I was in my home province, KwaZulu Natal, a few weeks ago. Spending a few days in my hometown of Stanger, also known as KwaDukuza, was pleasant as always.
While there, I visited my high school teachers. Meeting them was a wonderful, humbling experience. It reminded me of my beginnings.
The first teacher I met taught me maths in grade 12. He is now principal in one of the primary schools in the region. A remarkable man who contributed time and resources in my growth when I was a young star. I am who I am today because of him; and other teachers who supported me in my pursuit of education. If these teachers had not shown up in my life, I may have been telling a different story today.
The conversation with my maths teacher, in his office, over coffee and tea, was intellectual. It focused on the matters of South Africa’s public education. Though I thought it was important to have the dialogue, I found the content unpleasant; because it was more about the ills of the country’s public education system. I listened more than I spoke. I have not taught in South Africa’s public education system since 1984, my maths teacher has.
His thought is that South Africa's public education system is a disaster. That the education officials and administrators do not take education seriously. He also pointed to the teachers union the South African Democratic Teachers Union (SADTU) as one of the culprits in the weakening of education. The union puts members’ interest first, not children’s education, he said.
Administrators can be a joke. During our discussion, he recalled one regional education director who assigned a mathematics literacy teacher to teach English in one of the schools in Stanger. How do you take a teacher qualified to teach mathematics literacy, and assign him to English? Such irresponsible decisions are amongst the things that harm South Africa's public education and disadvantage children.
And one of the saddest things is that in some schools the highlight of the day for teachers is the nutritional programme, not test scores. There is not much focus on school work to improve the learners’ test results. Teachers come and hang around for the meal of the day, and then go home, my maths teacher said.
The next day I visited my high school, and met my technology and accounting teachers. My technology teacher told me that the learners are not passionate about education. He said that my generation had a positive attitude toward education, in contrast to today's learners in the school. My maths teacher had echoed the same thing the day before. Learners are not driven to pursue knowledge.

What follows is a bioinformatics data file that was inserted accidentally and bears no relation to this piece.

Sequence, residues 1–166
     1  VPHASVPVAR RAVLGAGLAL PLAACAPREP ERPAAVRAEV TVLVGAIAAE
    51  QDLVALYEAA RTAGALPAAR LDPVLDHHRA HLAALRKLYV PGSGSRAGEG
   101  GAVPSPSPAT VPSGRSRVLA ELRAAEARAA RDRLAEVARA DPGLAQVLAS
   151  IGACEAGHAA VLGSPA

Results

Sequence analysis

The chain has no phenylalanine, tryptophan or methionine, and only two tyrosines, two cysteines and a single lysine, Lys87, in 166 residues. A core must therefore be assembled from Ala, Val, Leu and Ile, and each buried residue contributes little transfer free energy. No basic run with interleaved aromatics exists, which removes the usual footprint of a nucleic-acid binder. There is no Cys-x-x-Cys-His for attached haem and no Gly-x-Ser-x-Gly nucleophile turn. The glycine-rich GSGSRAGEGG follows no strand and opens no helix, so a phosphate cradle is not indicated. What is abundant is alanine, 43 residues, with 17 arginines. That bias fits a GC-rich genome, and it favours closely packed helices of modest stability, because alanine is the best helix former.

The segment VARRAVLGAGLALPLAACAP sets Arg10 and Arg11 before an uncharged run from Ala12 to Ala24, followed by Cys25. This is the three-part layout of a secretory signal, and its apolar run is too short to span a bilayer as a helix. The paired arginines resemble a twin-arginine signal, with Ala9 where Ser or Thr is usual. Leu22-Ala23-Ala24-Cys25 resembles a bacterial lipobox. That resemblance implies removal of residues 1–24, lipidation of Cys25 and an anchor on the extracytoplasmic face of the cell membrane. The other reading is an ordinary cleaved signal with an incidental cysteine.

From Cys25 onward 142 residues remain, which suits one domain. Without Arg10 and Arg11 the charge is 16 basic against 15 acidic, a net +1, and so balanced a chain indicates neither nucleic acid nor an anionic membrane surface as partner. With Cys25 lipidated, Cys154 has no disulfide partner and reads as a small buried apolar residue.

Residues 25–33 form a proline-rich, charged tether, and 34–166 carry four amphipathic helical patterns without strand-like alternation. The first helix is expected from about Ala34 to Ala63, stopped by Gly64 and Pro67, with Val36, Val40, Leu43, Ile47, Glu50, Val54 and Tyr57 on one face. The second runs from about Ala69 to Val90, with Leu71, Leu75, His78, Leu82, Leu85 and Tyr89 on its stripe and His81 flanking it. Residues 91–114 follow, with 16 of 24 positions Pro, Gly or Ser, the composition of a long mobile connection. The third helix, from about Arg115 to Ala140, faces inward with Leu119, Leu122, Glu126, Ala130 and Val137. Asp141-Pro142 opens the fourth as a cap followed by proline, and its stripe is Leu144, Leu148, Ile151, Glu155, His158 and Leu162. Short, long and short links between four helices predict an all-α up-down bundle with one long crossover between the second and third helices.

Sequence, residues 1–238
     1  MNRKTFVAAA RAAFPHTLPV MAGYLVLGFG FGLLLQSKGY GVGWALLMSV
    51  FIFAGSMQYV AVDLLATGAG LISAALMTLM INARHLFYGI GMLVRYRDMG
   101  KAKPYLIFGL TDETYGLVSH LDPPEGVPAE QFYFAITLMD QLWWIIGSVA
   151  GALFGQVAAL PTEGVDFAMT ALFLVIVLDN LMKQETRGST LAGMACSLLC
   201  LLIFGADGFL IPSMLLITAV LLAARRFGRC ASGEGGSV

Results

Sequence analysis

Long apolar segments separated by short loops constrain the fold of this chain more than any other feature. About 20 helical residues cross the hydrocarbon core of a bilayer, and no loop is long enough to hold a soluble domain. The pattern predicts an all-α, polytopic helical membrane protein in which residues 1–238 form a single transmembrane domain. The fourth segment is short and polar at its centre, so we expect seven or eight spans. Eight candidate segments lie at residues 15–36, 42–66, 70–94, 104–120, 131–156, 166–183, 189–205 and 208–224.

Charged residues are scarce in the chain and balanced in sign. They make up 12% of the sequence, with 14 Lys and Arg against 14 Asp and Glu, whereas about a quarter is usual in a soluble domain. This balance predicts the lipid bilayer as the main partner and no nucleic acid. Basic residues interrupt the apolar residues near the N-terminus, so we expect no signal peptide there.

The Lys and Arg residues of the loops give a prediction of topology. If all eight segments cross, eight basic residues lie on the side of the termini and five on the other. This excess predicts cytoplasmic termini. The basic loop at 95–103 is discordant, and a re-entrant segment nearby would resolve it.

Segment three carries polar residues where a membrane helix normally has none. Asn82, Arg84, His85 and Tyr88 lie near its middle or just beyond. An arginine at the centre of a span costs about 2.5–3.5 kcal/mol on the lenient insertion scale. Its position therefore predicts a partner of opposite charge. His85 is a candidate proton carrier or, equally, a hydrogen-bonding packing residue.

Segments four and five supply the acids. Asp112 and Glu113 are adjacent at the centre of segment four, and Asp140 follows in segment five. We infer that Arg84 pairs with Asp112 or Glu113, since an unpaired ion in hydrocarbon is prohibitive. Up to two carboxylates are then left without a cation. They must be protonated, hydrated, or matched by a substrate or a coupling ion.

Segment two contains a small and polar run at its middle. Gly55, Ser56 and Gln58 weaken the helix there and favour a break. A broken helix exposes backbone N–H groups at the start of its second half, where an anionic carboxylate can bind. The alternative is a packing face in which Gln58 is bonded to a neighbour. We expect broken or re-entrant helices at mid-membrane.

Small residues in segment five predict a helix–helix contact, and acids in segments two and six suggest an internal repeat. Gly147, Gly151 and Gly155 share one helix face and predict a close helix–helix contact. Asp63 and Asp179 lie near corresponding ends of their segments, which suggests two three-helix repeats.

You see the fact that learners are not motivated to work harder in their studies is concerning. Children’s disillusionment with education is a reminder that some of the fundamental things in South Africa's education cannot be fixed by government policy. All the government can do is provide access to educational resources; motivation is something they cannot provide. It is parents who have to motivate their children to learn.
I was asked to address two grade 12 classes. In my motivational address, I told the learners that how their future will turn out is in their hands. It does not matter the socioeconomic status of the families they come from; they can do it. They have the brains and the teachers to support them.
I come from a family where I was the first person to study beyond matric and earn South Africa’s two university qualifications. My parents never had that privilege. Working harder and seeking support from my teachers helped me.
Now let me briefly explain what can be done to make South Africa’s public education better.
In a nutshell, it is two-fold. Government's education policy needs to be reformed, and private citizens in townships and rural areas need to change their behaviour toward education.
Policy changes must include a strong, competitive curriculum; with an emphasis on entrepreneurship, science and technology. Politics need to change too. The ANC government should abandon the alliance with teachers’ unions.
Labour union SADTU, has been a blockade to genuine education reform, as my maths teacher astutely argued. As part of reform, low-fee independent schools will also need to be encouraged by the government.
The biggest responsibility lies with private citizens. They must hold the education officials accountable. And parents have a critical role to play in their children’s education. Even if they are not educated or well-off, they can encourage their children to be disciplined, and to work harder.
Because if children are not motivated to learn, no government policy can improve their test scores. They need good test scores to become most successful professionals or businesspeople.
South Africa's education will only be improved by the country's private citizens. They must view education as a very important mechanism in improving their economic development. If they slack off, their children's future will remain bleak.
Phumlani M. Majozi is a senior fellow at African Liberty. His website is phumlanimajozi.com. Follow him on Twitter: @PhumlaniMMajozi